President Donald Trump insisted on Sunday that he never called Meghan, the Duchess of Sussex and the wife of Britain’s Prince Harry, “nasty”, despite an audio recording of an interview showing he did.
- Mr Trump said the comment was ‘fake news’ and demanded an apology from media outlets
- The audio recording published by The Sun reveals Mr Trump said “she was nasty”
- The comments come ahead of Mr Trump’s state visit to the UK this week
The president was discussing Meghan in a recent interview with Britain’s The Sun newspaper in the run-up to his state visit to the UK on Monday.
“I never called Meghan Markle ‘nasty.’ Made up by the Fake News Media, and they got caught cold!” Mr Trump tweeted.
Mr Trump, in fact, did use the word “nasty” to describe Meghan when asked about her comments about him during the 2016 campaign.
In audio of the interview posted on the newspaper’s website, Mr Trump discusses the upcoming state visit, his second meeting with Queen Elizabeth II and the Trump family members who are tagging along on the trip.
The reporter then asks about Meghan, who isn’t joining other royals to meet Mr Trump and his wife, Melania, due to the recent birth of her first child, Archie, in May.
Asked if he was sorry to miss out on meeting the American-born Meghan and told that she “wasn’t so nice about you” during the campaign, Mr Trump said: “I didn’t know that. No, I hope she’s OK. I did not know that.”
When told that Meghan once said she might move to Canada if Mr Trump was elected, Mr Trump responded: “No, I didn’t know that she was nasty.”
Meghan Markle supported Hillary Clinton, the Democratic presidential candidate, in 2016, calling Mr Trump “divisive” and “misogynistic”.
The former actor also said she might move to Canada.
She married Prince Harry in 2018 and moved to Britain.
In the Sun interview, Trump also spoke positively about Meghan when asked whether it was good for an American to be a member of the British royal family.
“I think it’s nice. I’m sure she will do excellently. She’ll be very good,” Mr Trump said.
Preparing for a President
Security personnel and police officers were guarding the entrance to the United States’ ambassador’s residence in London on Sunday, a day before Mr Trump’s arrival.
Footage showed American flags alongside UK flags near various London landmarks, including the Horse Guards Parade and Admiralty Arch.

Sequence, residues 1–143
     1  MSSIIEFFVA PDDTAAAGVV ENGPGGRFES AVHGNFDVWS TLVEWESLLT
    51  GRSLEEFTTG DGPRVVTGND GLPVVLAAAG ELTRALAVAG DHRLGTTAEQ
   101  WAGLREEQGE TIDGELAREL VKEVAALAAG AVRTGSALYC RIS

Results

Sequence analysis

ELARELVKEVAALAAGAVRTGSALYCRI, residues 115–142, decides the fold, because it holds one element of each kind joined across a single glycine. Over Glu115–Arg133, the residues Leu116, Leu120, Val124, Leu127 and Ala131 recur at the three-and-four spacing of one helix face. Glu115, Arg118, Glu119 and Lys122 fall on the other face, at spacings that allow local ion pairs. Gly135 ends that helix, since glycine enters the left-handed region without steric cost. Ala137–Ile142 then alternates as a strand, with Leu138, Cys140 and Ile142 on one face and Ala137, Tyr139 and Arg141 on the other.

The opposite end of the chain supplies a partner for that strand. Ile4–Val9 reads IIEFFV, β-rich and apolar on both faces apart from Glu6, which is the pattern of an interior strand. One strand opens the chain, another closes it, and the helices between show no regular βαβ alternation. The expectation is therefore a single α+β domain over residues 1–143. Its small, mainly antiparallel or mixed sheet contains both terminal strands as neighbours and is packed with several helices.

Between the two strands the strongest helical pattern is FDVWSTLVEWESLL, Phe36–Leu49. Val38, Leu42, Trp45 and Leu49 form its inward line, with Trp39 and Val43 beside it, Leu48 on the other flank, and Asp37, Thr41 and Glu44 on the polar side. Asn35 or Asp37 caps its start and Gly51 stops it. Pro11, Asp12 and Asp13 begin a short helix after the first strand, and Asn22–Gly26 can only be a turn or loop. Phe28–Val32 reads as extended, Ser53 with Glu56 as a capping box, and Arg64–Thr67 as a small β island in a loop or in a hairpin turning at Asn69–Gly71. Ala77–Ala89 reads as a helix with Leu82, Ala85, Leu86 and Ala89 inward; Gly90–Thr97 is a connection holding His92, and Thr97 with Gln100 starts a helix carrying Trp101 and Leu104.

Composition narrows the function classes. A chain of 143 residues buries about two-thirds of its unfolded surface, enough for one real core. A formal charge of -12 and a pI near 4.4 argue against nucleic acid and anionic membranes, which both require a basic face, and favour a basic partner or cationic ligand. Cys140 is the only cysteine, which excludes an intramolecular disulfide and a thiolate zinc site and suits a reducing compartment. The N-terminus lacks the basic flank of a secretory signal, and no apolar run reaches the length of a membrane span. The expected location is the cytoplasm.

For the Queen, the arrival of Trump, his family and his armoured entourage on Monday means a full day of ceremony and toasts topped by a magnificent banquet at Buckingham Palace.
There will be a formal tea on Monday afternoon hosted by Prince Charles and his wife Camilla for Mr Trump and the first lady.
On the political front, Mr Trump plans to meet with British Prime Minister Theresa May on Tuesday, just days before she steps down on Friday as Conservative Party leader, kicking off a race to succeed her as prime minister.
Ms May extended an invitation to Mr Trump on behalf of the Queen in an Oval Office visit in the first week of his administration.
The move prompted street protests in the UK, an online petition signed by more than one million opposed to the idea, and a debate in Parliament over whether Mr Trump deserved the highest honour that Britain can bestow on a foreign leader.
His brief working visit to Britain last year coincided with the debut of the “Trump baby balloon”, an inflatable piece of conceptual art that depicts the President as a baby wearing a nappy.
Much of this visit will be given over to social events and to the D-Day commemorations.
But some serious topics are to be discussed, including the Trump administration’s determined effort to prevent Britain from relying on Chinese tech giant Huawei to build parts of its 5G communications network.
Traditional trappings scaled back
A state visit is a relatively rare honour for a US President: Only Barack Obama in 2011 and George W Bush in 2003 have received the coveted invitations, which are offered based on advice from British Foreign Office officials, not the whim of the Queen.
Some of the traditional trappings of an official state visit are likely being scaled back.
Usually a horse-drawn carriage procession brings the visiting dignitary to the grounds of Buckingham Palace, escorted by mounted soldiers from the Household Cavalry as gun salutes are fired from Green Park and the Tower of London.
Officials have not said whether that will happen this time, possibly due to security concerns.
The Trumps will not be staying at Buckingham Palace, where state visitors usually lodge, because of renovations underway at the Queen’s 775-room official residence.
They are expected to stay at Winfield House, the spacious home of the US ambassador to Britain.